Filed Under:

Patent Wars Could Dull Tech's Cutting Edge

Play associated audio

Some call it an international patent arms race: Tech companies like Apple, Samsung, Nokia and Google are launching lawsuits over competing patent claims related to smartphones and tablets.

As NPR's Laura Sydell tells Morning Edition co-host Renee Montagne, companies are mounting takeovers aimed at gaining control of thousands of patents.

Google recently spent $12.5 billion to buy Motorola Mobility, a cellphone manufacturer with more than 17,000 patents. And as Sydell has previously reported, "patent trolls" are on the lookout for potential infringements and the payday that a lawsuit might bring.

But those clashes don't affect only the tech giants. The patent war may have some collateral damage, Sydell says.

"It does affect more than just these big companies," she says. "So you, as a consumer, first off, may pay more. Secondly, it may slow down innovation. There are a variety of ways in which this is also being used to stop the next cool thing from happening. Because you can just try and sue not only a big company — but maybe a small company that's coming in to compete in your market with some new, cool idea."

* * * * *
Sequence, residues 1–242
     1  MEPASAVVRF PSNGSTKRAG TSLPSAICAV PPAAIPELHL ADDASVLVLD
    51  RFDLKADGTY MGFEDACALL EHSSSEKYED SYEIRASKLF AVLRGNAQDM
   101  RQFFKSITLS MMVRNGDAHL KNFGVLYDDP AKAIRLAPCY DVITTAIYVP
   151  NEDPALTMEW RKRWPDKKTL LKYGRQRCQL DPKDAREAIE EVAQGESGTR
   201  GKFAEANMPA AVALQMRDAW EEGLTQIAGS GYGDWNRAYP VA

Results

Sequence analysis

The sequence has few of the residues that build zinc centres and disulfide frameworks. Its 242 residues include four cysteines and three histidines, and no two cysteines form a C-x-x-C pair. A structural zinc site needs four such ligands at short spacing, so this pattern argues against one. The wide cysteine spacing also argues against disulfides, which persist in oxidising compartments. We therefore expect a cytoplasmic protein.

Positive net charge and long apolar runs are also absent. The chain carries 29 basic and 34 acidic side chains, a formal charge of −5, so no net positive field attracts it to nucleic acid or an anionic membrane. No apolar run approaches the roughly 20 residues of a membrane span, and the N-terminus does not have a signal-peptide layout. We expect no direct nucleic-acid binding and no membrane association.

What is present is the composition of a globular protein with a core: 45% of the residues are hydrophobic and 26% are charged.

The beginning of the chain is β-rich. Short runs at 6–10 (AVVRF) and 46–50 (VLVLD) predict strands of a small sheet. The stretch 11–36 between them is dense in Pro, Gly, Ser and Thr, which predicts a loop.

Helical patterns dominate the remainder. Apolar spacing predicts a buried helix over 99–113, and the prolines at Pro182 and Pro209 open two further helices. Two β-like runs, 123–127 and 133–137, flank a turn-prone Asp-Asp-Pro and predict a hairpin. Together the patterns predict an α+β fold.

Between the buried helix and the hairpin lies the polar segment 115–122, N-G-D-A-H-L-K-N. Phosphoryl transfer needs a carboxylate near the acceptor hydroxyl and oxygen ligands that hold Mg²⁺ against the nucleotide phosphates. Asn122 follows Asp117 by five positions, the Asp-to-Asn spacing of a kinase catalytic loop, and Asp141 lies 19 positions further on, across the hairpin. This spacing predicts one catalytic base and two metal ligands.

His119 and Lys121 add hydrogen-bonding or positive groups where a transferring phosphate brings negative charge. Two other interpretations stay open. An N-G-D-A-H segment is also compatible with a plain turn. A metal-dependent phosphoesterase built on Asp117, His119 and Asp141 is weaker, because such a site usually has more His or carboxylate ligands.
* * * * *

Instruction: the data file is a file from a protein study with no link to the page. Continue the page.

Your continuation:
The patent wars aren't likely to end anytime soon, Sydell says. Google finally entered the fray by buying Motorola Mobility, and other companies are looking at potential purchases that might bring them protection from patent prospectors.

"You may see some people try to bid on Kodak, which has a huge, valuable patent portfolio," Sydell says. "Some say that Kodak's patent portfolio is even more valuable than Kodak itself."

And as a Reuters graphic that charts mobile patent lawsuits neatly shows, Kodak is suing Apple over patent infringement.

Copyright 2011 National Public Radio. To see more, visit http://www.npr.org/.

NPR

National Museum of African American History Opens Its Doors

More than 100 years after it was originally proposed, the Smithsonian National Museum of African American History and Culture is opening its doors in Washington, D.C.
NPR

While Everyone Was Partying At Woodstock, I Was Stuck At Schrafft's

The chain restaurant that catered to women helped redefine how Americans eat, according to a new book. For NPR's Lynn Neary, it also defined how she did and didn't fit with the counterculture.
NPR

Hillary Clinton's Plan For America's Students

In advance of the first debate, a rundown of the Democratic presidential candidate's positions.
NPR

Russian Hackers Doxxed Me. What Should I Do About It?

NPR's David Welna was recently hacked by a pro-Kremlin website when he applied for press credentials in Ukraine. He's hardly alone. But it's an issue the U.S. government is reluctant to discuss.

Leave a Comment

Help keep the conversation civil. Please refer to our Terms of Use and Code of Conduct before posting your comments.